"Therefore do not fear, O My servant Jacob," says the Lord, "Nor be dismayed, O Israel; For behold, I will save you from afar, and your seed from the land of their captivity..." (Jeremiah 30:10a)
What turbulent times we live in. Just as the global corona health crisis finally seems to be waning, Russia initiates a major war with Ukraine.
The separatist conflict in eastern Ukraine has been smoldering since 2014, but now it has been deliberately escalated with the Russian military's multi-pronged invasion of their neighbor. There is widespread shock and fear as many in Ukraine did not expect the raging battle to come so close so quickly. And once unleashed, who knows where this war may lead?
Until yesterday, Israeli leaders had been very cautious about weighing in on the growing Russia-Ukraine crisis due to the delicate balancing act Jerusalem must play¾there are still large Jewish communities in both countries, and Russia could easily harm Israeli interests through its military presence in Syria and strategic alliance with Iran.
Meanwhile, at the ICEJ, we have been gathering Christians from around the globe to pray together for the believers in Ukraine who in recent years have been united and reconciled to their fellow believers in Russia by their identity in Christ. We certainly pray for all their safety and that they may have courage and absolute trust in God at this time. We are also praying for true peacemakers to arise in this volatile crisis to bring a quick end to the violence and bloodshed.
The sharp escalation of the Ukraine conflict is an unfolding tragedy, but it also presents Christians who love Israel with an opportunity to help Jewish communities fleeing the fighting in Ukraine.
The ICEJ has been involved in the Aliyah from Ukraine since the 1980s. We were especially active in the early 1990s when we helped transport over 35,000 Ukrainian Jews on their way to Israel by sponsoring the Exobus project. Another 7,000 more came later with special van convoys into western Ukraine operated by the ICEJ's Swiss branch. And since the conflict in eastern Ukraine first erupted in 2014, the Christian Embassy has assisted with the Aliyah of over 2,000 Ukrainian Jews to reach Israel.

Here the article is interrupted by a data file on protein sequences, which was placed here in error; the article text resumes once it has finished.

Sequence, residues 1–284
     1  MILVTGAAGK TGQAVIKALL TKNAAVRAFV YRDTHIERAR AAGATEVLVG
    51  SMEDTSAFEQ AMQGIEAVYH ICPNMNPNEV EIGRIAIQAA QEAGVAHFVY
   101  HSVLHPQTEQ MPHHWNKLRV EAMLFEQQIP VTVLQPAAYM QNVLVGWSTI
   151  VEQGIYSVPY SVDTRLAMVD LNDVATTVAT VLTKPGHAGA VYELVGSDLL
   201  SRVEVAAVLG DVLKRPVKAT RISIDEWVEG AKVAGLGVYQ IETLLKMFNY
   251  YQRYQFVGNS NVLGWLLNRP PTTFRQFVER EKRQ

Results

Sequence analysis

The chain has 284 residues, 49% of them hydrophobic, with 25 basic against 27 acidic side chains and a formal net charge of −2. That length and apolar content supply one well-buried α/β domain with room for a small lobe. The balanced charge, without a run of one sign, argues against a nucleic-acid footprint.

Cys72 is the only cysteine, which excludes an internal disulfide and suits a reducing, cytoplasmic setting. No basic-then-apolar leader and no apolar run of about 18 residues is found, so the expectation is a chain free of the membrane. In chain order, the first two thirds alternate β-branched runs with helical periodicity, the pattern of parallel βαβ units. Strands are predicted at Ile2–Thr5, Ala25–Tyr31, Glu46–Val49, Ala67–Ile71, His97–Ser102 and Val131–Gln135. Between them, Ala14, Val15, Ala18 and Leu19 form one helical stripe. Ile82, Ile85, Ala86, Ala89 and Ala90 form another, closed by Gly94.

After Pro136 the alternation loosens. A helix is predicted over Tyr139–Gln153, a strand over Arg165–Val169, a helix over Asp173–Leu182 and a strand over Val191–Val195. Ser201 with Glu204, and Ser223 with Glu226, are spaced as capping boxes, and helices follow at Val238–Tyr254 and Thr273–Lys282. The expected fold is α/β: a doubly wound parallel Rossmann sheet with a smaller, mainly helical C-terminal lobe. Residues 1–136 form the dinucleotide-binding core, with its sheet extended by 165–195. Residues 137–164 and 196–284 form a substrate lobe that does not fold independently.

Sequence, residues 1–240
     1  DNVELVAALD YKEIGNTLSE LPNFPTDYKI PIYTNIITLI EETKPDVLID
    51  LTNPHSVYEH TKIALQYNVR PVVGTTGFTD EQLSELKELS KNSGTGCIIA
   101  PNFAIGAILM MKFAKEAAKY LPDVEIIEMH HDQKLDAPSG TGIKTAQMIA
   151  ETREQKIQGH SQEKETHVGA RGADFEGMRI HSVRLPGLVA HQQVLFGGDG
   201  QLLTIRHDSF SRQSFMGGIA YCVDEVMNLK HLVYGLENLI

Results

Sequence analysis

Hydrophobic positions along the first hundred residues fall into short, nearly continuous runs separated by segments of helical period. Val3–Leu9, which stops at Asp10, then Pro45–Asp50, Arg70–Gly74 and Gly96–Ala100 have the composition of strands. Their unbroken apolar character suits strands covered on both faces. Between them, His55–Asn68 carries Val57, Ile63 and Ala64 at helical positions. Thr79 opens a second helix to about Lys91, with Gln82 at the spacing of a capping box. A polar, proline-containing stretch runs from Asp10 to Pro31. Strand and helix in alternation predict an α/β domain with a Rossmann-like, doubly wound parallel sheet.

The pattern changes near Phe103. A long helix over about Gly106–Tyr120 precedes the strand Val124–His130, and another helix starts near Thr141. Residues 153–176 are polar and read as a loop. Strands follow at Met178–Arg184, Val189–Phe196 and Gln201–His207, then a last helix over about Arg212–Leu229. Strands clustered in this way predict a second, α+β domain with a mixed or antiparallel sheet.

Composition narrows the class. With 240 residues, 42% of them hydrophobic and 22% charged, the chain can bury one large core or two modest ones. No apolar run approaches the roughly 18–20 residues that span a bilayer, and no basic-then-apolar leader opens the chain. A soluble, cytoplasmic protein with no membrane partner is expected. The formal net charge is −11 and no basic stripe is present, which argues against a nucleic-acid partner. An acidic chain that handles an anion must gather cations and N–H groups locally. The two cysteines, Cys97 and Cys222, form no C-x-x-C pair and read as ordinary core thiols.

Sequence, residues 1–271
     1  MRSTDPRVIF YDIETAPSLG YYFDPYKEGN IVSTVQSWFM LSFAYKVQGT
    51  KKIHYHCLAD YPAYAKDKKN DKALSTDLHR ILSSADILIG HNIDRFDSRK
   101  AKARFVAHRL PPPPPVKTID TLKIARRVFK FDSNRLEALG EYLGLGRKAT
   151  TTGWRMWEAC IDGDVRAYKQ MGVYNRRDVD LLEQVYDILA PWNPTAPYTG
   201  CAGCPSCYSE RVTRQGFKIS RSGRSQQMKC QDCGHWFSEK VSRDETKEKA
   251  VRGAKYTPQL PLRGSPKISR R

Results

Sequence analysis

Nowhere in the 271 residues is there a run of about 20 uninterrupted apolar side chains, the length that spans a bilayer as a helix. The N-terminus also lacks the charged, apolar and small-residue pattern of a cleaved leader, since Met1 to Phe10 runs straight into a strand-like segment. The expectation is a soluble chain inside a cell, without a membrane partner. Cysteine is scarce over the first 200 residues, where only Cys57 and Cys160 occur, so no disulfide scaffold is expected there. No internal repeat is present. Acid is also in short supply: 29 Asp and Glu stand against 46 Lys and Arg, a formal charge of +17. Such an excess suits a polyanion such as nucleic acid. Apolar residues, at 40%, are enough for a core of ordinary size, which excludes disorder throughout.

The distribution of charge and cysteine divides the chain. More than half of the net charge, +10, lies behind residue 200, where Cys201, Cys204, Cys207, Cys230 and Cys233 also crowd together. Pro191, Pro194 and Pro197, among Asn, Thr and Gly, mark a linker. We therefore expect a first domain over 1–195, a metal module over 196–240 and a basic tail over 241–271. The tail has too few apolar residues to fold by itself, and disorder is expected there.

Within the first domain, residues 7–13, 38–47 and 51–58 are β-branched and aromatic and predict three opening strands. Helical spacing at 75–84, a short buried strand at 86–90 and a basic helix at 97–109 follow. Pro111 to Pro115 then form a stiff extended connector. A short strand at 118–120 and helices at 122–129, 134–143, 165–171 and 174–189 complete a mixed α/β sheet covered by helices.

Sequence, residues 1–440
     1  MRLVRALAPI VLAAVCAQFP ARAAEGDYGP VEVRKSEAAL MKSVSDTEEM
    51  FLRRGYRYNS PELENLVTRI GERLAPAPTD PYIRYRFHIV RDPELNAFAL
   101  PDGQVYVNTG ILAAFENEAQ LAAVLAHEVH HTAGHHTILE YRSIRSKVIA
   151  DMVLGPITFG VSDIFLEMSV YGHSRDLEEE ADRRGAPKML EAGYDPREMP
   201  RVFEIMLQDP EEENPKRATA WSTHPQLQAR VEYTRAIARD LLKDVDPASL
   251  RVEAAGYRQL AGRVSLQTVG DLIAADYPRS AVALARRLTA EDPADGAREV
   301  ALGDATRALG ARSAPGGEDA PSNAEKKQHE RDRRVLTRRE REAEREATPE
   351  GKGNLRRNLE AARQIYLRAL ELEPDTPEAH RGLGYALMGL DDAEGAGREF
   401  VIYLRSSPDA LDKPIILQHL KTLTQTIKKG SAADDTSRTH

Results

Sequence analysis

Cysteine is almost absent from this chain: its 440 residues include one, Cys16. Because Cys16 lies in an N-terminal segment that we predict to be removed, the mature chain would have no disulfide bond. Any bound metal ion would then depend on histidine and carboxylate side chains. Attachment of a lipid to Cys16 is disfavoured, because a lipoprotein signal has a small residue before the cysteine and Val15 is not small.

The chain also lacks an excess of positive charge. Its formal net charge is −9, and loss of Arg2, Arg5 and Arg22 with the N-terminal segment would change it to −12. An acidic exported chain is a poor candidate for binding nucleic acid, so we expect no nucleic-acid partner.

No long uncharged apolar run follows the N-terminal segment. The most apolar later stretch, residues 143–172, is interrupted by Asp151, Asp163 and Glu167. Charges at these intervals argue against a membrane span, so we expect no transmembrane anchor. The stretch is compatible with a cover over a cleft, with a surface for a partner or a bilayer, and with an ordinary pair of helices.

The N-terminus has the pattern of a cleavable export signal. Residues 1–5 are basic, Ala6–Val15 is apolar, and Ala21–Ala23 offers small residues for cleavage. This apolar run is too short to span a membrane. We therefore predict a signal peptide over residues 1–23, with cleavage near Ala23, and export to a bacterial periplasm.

Now, the Jewish Agency for Israel has requested the ICEJ's help with their urgent plans to evacuate imperiled Jewish families from Ukraine and fly them to Israel. Counting those who are Jewish and their close relatives, there are an estimated 200,000 people remaining in Ukraine who are eligible to make Aliyah.
The areas of immediate need right now are three-fold:
1) Evacuation and Shelter: An initial 3,000 potential Jewish immigrants need to be rescued and provided refuge for up to 2-3 weeks, likely in a third country, until they can be airlifted to Israel. The expected costs will be $850 per person.
2) Rescue Flights: The costs to fly some 3,000 Jewish immigrants to Israel will be $805 per person on average. This includes airline tickets and bus transport to the airports.
3) Emergency Housing and Care in Israel: Once they reach Israel, it will cost about $1,250 per person to house and feed these refugee immigrants for up to three months at absorption centers and other emergency accommodations.
Keep in mind that these evacuation efforts will be difficult and even dangerous for those involved. So, please be praying for divine protection over the Israeli and JAFI representatives, and all the local Jewish and Christian volunteer workers on the ground in Ukraine, as well as the Jewish families themselves as they make their way to Israel.
For anyone wanting to make a real, timely difference in rescuing Jewish lives from danger and bringing them safely to Israel, you can donate today at www.icejusa.org/ukraine.
David Parsons is the VP & Senior International Spokesman for the International Christian Embassy Jerusalem.
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